Beef Vegetable Soup 

This Beef Vegetable Soup with Job's Tears is a hearty soup I made when we first began to add small amounts of animal foods back into our diet after five plus years of not eating any at all.  

We have not been consuming grains in any form since, however, for those who may also be transitioning away from plant-based vegan or vegetarian diets, this soup can be enjoyed either with barley, or by substituting the grain with a little sweet or red skin potato, or just more meat!

In traditional Chinese medicine, or TCM, red meat is used to help build the blood and qi, largely because red meat is a good source of bioavailable iron.  

Many women, young and old, are taking a pass on any form of red meat.  I believe this is to our peril, especially as we age.  Red meat is an excellent source of B vitamins, iron, and amino acids, including carnitine, all of which are important for maintaining our bones, immunity and overall health.  I have outlined symptoms of blood deficiency from a TCM perspective, below.

Job's Tears (also called Yi Yi Ren in TCM) has a slightly cool nature and is great for helping eliminate excess dampness in the system leading to conditions like edema, or painful joints that are worse in damp weather.  It can help clear out excess heat as well.  You can find it here, or at a local Asian market.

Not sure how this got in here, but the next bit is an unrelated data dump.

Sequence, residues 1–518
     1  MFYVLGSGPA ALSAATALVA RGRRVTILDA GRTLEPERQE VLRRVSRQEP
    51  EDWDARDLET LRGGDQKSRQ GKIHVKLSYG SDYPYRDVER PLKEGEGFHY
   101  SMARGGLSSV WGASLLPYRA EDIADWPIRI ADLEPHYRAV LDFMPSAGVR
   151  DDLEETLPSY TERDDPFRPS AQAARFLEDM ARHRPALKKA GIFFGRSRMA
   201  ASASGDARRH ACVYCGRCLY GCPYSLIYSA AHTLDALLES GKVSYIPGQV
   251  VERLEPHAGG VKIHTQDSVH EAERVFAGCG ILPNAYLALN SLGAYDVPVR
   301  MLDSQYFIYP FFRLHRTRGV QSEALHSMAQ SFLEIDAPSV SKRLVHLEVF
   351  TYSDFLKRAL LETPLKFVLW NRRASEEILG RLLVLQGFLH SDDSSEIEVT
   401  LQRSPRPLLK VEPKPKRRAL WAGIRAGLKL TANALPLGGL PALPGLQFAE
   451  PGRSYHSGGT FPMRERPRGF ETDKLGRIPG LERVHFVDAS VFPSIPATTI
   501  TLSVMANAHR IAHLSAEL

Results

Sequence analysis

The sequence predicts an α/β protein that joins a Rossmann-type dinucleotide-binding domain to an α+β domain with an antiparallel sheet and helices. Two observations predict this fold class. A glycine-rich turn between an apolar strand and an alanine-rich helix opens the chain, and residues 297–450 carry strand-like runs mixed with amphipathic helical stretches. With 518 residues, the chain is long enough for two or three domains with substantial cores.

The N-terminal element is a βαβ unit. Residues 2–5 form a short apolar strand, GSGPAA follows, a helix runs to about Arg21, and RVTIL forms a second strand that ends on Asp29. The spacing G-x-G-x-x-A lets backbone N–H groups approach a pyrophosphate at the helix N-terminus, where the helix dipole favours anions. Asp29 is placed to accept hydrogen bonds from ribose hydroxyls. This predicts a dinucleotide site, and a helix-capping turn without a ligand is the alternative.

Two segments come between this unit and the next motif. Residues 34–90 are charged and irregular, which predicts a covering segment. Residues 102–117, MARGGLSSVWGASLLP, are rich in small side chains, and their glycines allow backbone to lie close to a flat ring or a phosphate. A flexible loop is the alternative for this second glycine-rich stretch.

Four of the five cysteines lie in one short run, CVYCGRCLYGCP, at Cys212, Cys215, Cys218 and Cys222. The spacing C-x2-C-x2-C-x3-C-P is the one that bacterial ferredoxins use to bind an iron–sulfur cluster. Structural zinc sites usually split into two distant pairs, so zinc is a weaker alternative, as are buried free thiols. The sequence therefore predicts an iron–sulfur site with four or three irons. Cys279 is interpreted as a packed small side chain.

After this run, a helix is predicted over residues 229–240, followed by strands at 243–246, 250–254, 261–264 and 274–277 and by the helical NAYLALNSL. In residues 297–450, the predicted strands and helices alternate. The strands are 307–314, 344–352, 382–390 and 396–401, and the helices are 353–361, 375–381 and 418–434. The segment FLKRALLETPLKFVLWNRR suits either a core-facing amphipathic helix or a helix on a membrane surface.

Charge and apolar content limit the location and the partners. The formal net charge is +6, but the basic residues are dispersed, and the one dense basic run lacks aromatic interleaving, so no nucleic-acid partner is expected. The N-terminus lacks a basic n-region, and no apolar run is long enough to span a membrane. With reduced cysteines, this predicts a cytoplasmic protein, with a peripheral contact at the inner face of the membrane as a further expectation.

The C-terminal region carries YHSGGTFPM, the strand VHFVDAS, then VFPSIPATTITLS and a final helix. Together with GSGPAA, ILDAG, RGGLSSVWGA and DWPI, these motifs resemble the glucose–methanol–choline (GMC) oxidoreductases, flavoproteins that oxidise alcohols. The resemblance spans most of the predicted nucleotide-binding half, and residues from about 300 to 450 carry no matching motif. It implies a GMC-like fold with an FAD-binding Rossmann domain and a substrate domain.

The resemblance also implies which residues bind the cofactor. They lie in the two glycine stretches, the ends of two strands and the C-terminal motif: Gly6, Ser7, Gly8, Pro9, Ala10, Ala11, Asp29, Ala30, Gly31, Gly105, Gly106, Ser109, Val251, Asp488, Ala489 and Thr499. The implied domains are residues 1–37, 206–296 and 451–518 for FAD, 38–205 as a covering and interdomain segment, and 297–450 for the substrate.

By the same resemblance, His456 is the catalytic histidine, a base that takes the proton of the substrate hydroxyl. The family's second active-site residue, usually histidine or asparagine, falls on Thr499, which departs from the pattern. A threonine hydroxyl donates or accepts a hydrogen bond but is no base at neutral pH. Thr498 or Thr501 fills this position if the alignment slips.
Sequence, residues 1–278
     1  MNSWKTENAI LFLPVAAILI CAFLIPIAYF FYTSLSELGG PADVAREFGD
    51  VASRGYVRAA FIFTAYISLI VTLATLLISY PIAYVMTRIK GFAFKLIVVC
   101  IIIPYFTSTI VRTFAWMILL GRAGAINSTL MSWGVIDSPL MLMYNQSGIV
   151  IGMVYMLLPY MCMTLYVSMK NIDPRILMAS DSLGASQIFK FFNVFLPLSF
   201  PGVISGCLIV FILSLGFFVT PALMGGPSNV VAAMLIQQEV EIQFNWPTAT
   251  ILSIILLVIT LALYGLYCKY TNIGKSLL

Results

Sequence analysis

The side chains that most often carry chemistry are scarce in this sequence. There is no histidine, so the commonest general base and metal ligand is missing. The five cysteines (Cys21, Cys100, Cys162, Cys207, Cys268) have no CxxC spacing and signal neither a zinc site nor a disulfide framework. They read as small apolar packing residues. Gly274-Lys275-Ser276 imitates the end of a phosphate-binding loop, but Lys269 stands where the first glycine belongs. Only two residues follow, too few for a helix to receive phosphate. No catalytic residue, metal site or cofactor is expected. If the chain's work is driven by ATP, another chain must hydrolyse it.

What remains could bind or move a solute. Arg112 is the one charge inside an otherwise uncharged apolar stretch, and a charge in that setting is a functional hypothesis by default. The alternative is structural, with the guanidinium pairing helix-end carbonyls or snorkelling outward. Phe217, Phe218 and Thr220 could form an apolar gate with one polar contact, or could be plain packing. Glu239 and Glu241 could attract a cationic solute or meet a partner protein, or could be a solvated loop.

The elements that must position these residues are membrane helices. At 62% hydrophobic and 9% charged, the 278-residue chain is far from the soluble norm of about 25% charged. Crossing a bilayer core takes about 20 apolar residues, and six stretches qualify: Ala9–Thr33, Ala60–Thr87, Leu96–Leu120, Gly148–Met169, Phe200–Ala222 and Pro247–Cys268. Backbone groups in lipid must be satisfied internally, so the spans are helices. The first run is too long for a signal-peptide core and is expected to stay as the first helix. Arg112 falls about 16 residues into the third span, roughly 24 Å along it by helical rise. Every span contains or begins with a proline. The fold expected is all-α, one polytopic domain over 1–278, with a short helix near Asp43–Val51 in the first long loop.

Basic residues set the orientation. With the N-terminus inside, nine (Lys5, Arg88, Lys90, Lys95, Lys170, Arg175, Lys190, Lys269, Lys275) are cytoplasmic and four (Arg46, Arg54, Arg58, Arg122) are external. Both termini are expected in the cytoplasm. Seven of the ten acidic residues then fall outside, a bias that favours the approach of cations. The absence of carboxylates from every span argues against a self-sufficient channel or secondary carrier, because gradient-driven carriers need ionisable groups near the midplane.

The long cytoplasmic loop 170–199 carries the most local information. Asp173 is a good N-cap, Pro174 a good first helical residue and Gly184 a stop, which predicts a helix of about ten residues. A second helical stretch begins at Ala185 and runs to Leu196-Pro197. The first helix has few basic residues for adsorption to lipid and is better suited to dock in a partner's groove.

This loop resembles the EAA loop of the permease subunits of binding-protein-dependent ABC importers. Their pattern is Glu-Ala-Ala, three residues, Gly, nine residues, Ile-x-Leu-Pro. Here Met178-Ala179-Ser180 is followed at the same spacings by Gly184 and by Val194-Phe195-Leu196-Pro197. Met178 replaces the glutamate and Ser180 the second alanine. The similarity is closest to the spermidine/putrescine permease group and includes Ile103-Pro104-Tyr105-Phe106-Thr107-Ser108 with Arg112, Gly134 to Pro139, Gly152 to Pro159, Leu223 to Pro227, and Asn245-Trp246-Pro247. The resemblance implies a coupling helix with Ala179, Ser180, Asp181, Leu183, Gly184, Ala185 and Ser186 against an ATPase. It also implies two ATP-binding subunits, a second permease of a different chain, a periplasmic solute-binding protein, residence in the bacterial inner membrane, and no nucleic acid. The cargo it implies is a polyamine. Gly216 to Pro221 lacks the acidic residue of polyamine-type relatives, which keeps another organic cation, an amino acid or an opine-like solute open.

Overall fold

Beef Vegetable Soup with Barley is especially good on a cold winter day, or when you feel your energy is lagging a bit.

Hearty Beef Vegetable Soup Recipe Variations 


  • 1-2 pounds of beef shank, stew meat, or cut up roast beef (see variations below)

If using beef shank:  

  • 1 tbsp. red wine vinegar, or other flavored vinegar, or 1/2 a lemon ~ the acid helps pull out minerals from the bone
  • 1 5-6 inch piece of kelp or kombu seaweed (optional)
  • 1-2 bay leaves & 5-6 whole peppercorns
  • Water 

If using barley: 

  • 1/2 cup barley, cooked in 1.5-2 cups of water 

For the Beef Vegetable Soup:

  • 1 tbsp. butter and/or butter + olive oil, ghee, or tallow
  • 1/2 sweet onion, diced
  • 2 stalks celery, sliced
  • 2 carrots, chopped, including the leaves
  • 1-2 cloves garlic, minced
  • 1/2 pound of mushrooms, chopped
  • 1/2-1 parsnip, chopped
  • 1 tsp. each oregano and dried thyme (or whatever you like)
  • Sea salt and black pepper
  • Water and/or Beef Bone Broth

If not using barley:

  • Sub barley with any of the following: 1 small sweet potato, 2-3 red skin potatoes, 1 small russet, 1 rutabaga,  OR well chopped cauliflower florets OR add more parsnip, or mushrooms
  • Skip all of the above, and add more meat!